Art, when it is properly displayed in a gallery setting, often beckons the viewer to contemplate and ponder, not just take a passing glance and turn the page. Paintings, photographs, and even video can reach their maximum visual effectiveness in a gallery. And this can be important if the image has something to say; if behind its initial visual impact there is a deeper emotional or visceral connection hoping to be made. For endangered animal species, art can prove to be a powerful champion.
To that end, the Museum of Art in Fort Lauderdale, Florida, in association with the Nova Southeastern University's Oceanographic Center, will be presenting SHARK, an exhibition of paintings, drawings, photographs, sculptures, and videos of the fabled fish that elicits both fear and fascination for many people. The exhibit represents artists from around the world and was organized by Richard Ellis, renown painter of sharks of the world and accomplished author (The Book of Sharks, Tuna). Many of the images of sharks that I seek with video are based on my early impressions from many of Ellis' paintings.
“Sharks have long fascinated man; some ancient societies even revered them as gods. In my art, I pay homage to their graceful beauty,” said Ellis. “This exhibition delves into a variety of issues in an examination of the human impact on sharks. It explores the shark as a predator and its portrayal in culture, the importance of shark conservation, the biology of the myriad of shark species, and the thrill of shark encounters.”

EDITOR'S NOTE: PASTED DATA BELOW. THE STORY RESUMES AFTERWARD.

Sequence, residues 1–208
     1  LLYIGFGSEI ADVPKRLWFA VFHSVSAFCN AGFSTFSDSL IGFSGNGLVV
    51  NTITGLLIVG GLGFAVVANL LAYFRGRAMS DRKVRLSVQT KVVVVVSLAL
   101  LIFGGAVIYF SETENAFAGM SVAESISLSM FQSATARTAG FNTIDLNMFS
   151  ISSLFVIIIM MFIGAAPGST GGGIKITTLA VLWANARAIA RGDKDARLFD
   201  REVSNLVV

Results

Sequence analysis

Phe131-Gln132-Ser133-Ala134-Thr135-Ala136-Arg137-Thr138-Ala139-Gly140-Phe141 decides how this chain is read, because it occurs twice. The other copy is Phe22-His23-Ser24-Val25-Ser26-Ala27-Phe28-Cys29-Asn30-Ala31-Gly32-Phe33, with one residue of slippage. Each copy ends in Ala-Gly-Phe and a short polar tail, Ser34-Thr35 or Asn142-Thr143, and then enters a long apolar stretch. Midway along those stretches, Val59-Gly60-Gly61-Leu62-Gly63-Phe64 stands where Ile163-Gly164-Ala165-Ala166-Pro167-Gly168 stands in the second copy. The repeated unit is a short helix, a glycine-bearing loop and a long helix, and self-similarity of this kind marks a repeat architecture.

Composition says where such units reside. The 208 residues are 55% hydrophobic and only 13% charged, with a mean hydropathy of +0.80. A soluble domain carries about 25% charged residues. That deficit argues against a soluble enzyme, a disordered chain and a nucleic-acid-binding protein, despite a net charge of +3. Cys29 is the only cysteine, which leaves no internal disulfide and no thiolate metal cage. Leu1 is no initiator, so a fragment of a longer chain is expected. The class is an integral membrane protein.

The exhibition will display the range of attitudes mankind has had for sharks of the centuries - from John Singleton Copley's classic Watson and the Shark (ca. 1778), shown above, to a retrospective of the movie Jaws, to contemporary representations from artists including Guy Harvey, Richard Ellis, Rod and Valerie Taylor, David Doubilet, and more.
The Museum of Art also acknowledges the interactive, multimedia world we live in and will also be providing a SHARK mobile app to further engage the visitors, along with educational kiosks placed throughout the exhibit.
“SHARK is a stunning and timely exhibition about how the shark has entered the public imagination and how artists, over the decades, have portrayed one of the most fascinating, vulnerable, and misunderstood marine animals on the planet,” said Irvin Lippman, executive director of the Museum of Art.
While the SHARK art exhibit will be running from mid-May to January of next year, I don't expect everyone to jump on a plane bound for Florida and take a peek - unless you happen to be in the area. But it is important for all shark advocates to realize that there are many ways to influence and change people's perceptions about many things, say, the malevolent man-eating shark for one. Art is subtle, it plays with the subconscious but its impact can be profound, aiming deep for the soul, sometimes more so than hard facts or heated argument.
Beauty can soothe the savage beast - even when the beast is mankind and the beauty is the grace and elegance of the shark.
Source: Museum of Art, Fort Lauderdale
Source: Florida Sportsman